Ilya Mazuruk was born in Brest-Litovsk (today Brest) in an ordinary working Belarusian family. From 1915, he lived with his family in the city of Lgov (Kursk region). He was able to complete primary school, before 1919, he studied at the Higher Primary School. In 1919-1920, he worked as a laborer on the Lgov railway station. In the summer of 1920, he and his family moved to the city of Rovno (Ukraine), which soon moved to Poland. Here he worked as a laborer at the railway station, as well as a night watchman in the hospital. In April, 1923, Mazuruk illegally crossed the border and returned to the USSR.
In 1923-1924 he worked as an assistant driver at a power station in Lipetsk, in 1924-1926 he was the secretary of the Komsomol volost committee in the village of Kuzminskie Eruptions (Lipetsk region), the Lipetsk county committee of the Komsomol, and also the head of the school department of the Oryol regional committee, the committee committee. In 1926-1927, he was Deputy Head of the Propaganda Department of the Oryol City Party Committee. In the CPSU (b) / CPSU entered the 1925 year.
In October 1927, he was sent on a Komsomol ticket to serve in military aviation. So the novice party functionary changed his party work to aviation. In 1928, Ilya Mazuruk graduated from the Leningrad Military Theoretical School of the Air Force, and in 1929 - from the Borisoglebsk Military Aviation Pilot School. He was demobilized in November 1929. After that, in 1930-1932 he worked as a flight mechanic and pilot in the Civil Air navy (in Central Asia). In April-June 1930, he took part in the hostilities against the Basmachi.
Here is just one of the episodes of that time. The 70 defenders of the Kzyl-Agachinsky garrison fought off Basmachs sticking from all sides. The detachments of the GPU, which were sent to them for help, have not yet come. The first to help them came aviators. By that time, the cartridges had run out of ammunition, food was coming to an end, and there was only enough water left to spare. On the territory of the fortress, the Soviet pilots saw 2 large white cloths on which the message was written with clay: "No ammunition." Mazuruk responded by writing a note consisting of just one word: “Hold on.” He rather quickly pulled out the cartridges from the machine-gun belt, wrapped them in a shot tunic, and then dropped them over the fortress. The bundle with cartridges was for its intended purpose. Soviet pilots sent more than one such parcel with ammunition to the besieged garrison. After that, they themselves threw basmachs with grenades. For this operation, Mazuruk was awarded a Mauser system pistol containing a dedication: “Mazuruk for the successful struggle against the counterrevolution from the OGPU college”.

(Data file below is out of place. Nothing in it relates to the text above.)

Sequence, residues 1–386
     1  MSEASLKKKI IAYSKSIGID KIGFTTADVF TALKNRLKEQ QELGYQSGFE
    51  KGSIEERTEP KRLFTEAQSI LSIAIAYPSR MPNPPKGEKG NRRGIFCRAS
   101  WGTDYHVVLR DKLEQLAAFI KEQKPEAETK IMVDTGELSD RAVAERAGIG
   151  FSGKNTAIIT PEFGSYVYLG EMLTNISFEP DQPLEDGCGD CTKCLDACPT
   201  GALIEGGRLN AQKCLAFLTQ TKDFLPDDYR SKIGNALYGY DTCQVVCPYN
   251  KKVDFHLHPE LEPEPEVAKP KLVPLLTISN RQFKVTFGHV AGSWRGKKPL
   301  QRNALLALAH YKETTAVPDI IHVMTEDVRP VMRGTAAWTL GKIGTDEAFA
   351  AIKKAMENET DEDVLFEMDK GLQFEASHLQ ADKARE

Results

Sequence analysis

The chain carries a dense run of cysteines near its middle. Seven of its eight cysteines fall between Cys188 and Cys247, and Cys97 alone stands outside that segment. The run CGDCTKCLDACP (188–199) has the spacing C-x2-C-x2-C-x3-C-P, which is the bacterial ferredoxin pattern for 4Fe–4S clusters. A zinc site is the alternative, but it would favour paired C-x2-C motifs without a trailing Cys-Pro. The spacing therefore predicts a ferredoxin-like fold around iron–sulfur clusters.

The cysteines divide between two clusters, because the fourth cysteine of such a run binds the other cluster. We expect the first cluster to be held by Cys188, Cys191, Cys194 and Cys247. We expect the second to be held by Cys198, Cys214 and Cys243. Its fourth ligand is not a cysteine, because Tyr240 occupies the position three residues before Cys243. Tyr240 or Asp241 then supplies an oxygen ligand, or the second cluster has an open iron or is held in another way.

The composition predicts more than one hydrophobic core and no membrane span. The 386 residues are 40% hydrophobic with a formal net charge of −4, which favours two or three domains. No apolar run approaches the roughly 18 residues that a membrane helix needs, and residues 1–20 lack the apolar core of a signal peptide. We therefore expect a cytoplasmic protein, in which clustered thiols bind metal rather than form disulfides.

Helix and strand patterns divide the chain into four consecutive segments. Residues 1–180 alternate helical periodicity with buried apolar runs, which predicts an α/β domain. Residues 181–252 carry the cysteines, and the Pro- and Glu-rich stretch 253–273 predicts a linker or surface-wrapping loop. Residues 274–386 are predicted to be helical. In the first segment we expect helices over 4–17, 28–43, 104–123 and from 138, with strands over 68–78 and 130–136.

In 1930-1938, he was the pilot of Dobrolet, the Civil Air Fleet (GVF), was trained at the 3-th joint school of the GVF (today it is Balashovskoe VVAUL), flew on Odessa-Batum, Tashkent and Alma-Ata routes. Since 1932, he has worked in the Far East. Here he worked in the All-Union Association of Air Transport "Transaviation" - the Far Eastern Department of Civil Air Fleet (a hydroport in Khabarovsk). It is worth noting that Ilya Mazuruk was one of the first Soviet pilots who mastered the air routes of the Far East, in particular, flew to Sakhalin (as the head of the relay), as well as to Kamchatka. Since 1935, he served as commander of the 13 hydraulic circuit of the Far Eastern Department of Civil Air Fleet in Khabarovsk.
So, 27 August 1932, Ilya Mazuruk, used a B-3 aircraft (Junkers W 33) with the USSR board number L21 and made the first flight Khabarovsk - Iman (Dalnerechensk) - Second River (Vladivostok). This date was considered the birthday of civil aviation of Primorsky Krai. In May 1935, the pilot made a flight on the route Moscow-Sakhalin, which took him 45 hours. In honor of the 10 anniversary of Sakhalin "For many years of service on the Sakhalin line" 16 May 1935, by decree of the Central Election Commission of the USSR was presented to the first order of the Red Star. By November 1936, he flew 2553 533 kilometers in 700 flight hours.
At the same time, flights between Sakhalin and Khabarovsk were irregular. Often they were contacted to perform an urgent task. Pilots had to fly in adverse weather conditions over the taiga, sea and mountains. At the same time, the work of aviators on the Khabarovsk-Sakhalin highway was invaluable. In 1936, Ilya Mazuruk graduated from the courses at the Bataysk flight school of the Civil Air Fleet. From October 1936 he worked as a pilot in the Polar Aviation. In the spring of 1937, as commander of the TB-3 aircraft, he took part in the landing of the first drifting research station called the North Pole-1. For courage and heroism, which were shown during the fulfillment of the task of creating the North Pole drifting station, the USSR CEC decree from 27 June 1937 Ilya Pavlovich Mazuruk was awarded the title Hero of the Soviet Union with the award of the Order of Lenin.